The official Club Netlea thread


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  • Oct 29, 2022
    Miami, FL
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    I purchased the new Netlea AT6 Pro from Aqua Rocks Colorado. I've been using it for about a month now so I wanted to get a thread going for those that take the plunge, like me, and purchase a Netlea product.

    Netlea is a Chinese company, as far as I know, that has a series of lights. They seem to have been in the busy for quite a while. The AT6 Pro is their high-end model.

    When I compared the price versus what you get and then looked at the Week Aqua, Chihiros, and others, it just made sense to take a chance on the Netlea. The power is insane and you're able to adjust the spectrum to RGB which is what I was looking for.

    I know @Dennis Wong had a unit en route to him for testing. I'm anxious to see what he has to say about it. PAR it seems to have plenty of.

    My experience so far

    The app leaves a lot to be desired but it is easy to use and hasn't given me any problems. It has active cooling but I don't hear the fans. So, I'm very satisfied so far.

    One thing that I really like about this unit is that it is BIG. It provides an even coverage of light over my entire surface area. It has a built in diffuser so I am assuming that the blending will be top of class as well.

    @GreggZ is kind enough to let me borrow his PAR meter that I'm anxiously awaiting. I'm currently running it at about 96w. Let's see what the meter reads throughout the aquarium.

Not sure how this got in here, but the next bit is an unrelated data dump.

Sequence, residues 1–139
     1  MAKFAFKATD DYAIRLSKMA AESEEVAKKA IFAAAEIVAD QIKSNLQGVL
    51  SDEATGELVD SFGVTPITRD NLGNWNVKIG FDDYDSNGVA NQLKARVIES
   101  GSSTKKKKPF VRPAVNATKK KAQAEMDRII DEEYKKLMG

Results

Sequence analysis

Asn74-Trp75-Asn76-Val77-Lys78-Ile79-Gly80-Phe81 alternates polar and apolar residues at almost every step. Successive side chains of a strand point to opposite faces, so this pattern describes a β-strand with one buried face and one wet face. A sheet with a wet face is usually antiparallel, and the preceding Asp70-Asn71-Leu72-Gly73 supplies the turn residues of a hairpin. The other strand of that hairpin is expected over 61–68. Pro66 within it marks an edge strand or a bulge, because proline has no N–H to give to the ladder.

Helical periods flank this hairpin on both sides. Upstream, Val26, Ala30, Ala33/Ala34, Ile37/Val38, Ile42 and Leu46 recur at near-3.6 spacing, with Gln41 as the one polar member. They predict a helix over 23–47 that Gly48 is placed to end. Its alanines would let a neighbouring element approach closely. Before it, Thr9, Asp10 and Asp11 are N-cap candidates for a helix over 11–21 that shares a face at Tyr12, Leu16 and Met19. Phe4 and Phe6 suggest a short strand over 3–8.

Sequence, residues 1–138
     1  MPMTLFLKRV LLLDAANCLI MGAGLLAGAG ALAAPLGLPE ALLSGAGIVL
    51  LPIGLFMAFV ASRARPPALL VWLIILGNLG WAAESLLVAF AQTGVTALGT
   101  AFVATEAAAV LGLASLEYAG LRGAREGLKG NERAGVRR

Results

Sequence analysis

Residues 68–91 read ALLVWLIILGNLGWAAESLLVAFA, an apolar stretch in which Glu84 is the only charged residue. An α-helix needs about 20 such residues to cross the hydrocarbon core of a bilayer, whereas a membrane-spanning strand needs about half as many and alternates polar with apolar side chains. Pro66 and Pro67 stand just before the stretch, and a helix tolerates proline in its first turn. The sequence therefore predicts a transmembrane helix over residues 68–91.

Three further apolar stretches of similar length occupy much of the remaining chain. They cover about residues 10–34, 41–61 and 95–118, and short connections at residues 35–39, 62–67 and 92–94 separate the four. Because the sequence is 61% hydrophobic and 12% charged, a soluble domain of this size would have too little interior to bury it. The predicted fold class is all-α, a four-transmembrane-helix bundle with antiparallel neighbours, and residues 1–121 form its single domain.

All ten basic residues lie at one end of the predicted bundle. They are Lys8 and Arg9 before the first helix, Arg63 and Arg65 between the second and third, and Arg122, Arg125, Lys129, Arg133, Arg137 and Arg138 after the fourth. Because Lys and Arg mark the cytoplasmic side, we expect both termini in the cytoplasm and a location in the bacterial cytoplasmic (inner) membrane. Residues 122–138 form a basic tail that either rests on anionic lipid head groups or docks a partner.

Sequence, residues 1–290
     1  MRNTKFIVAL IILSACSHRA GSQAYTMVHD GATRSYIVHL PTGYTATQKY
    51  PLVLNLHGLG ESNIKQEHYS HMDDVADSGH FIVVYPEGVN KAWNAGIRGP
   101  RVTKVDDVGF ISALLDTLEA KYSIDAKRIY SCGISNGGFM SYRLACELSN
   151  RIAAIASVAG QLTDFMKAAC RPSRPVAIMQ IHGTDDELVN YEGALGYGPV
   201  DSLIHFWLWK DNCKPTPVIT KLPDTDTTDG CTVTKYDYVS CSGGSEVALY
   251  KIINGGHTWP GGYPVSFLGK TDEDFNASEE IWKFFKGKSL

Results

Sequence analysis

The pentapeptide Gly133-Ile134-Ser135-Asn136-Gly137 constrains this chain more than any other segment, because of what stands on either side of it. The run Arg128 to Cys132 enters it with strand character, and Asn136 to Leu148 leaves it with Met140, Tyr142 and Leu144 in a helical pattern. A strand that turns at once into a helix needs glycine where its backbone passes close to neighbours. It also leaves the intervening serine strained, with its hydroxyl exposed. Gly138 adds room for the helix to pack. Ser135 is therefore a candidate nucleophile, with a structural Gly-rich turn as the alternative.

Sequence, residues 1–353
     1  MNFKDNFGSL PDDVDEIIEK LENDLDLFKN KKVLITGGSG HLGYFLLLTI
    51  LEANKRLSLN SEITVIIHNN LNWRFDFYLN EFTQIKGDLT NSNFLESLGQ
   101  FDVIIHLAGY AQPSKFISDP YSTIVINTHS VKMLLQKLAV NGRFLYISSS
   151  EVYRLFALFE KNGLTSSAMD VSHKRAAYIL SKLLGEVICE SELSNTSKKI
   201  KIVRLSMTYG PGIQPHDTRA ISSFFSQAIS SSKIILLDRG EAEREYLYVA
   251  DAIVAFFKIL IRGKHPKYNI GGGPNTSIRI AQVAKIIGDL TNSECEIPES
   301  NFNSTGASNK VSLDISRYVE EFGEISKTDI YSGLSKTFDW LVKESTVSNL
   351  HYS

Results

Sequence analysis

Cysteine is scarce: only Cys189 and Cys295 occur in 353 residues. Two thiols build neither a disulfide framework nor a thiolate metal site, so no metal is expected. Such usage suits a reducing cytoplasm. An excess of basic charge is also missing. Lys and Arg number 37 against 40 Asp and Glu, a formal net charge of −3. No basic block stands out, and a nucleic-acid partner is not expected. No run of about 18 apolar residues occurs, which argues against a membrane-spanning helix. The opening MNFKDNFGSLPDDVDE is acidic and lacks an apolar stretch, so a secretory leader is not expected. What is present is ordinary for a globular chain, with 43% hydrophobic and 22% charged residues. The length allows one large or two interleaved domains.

While I know many in this community are diehard T5 users, sooner or later getting a hold of the bulbs will become more and more difficult. At some point, you all need to start looking for LEDs. I think this one has a lot of the benefits you get from T5 and the power to back it up.

    Anybody else out there thinking of purchasing a new LED? Would you consider one of these new entries?
    Ya, my Netlea is slow to reach, but I've seen enough sets here in real life to get a sense of its workings.

    From my perspective, Netlea, Week aqua and Chihiros are all very similar. There are some small differences in spectrum, power and app design but they largely produce very similiar results and most of the time with tuning, you can't tell which of the 3 brand is used on a tank through a photo. There are some visible spectrum differences that will appear a bit more significantly in real life especially for folks with sensitive color perception.

    The Chinese LED manufacturers all go through a typical market cycle/evolution.
    Stage 1 - try to compete on price in order to maximise volume which maximizes factory utilization rates and brings in cashflow. Firm tries to gain as much market share as possible; very loose rules on who they sell to and very good pricing to attract new buyers. Spray and pray approach in marketing.

    Stage 2 - with new cashflow and established export distribution network, invest in marketing and branding. The products get better boxes and exterior design, the brand starts sponsoring competitions, and become more selective about which distributors they work with, but prices start to creep up significantly.

    Stage 3 - Become a matured, well known brand with established users and entrenched distribution networks. If stage 2 is successful, allows prices to rise to premium range and maximises profit.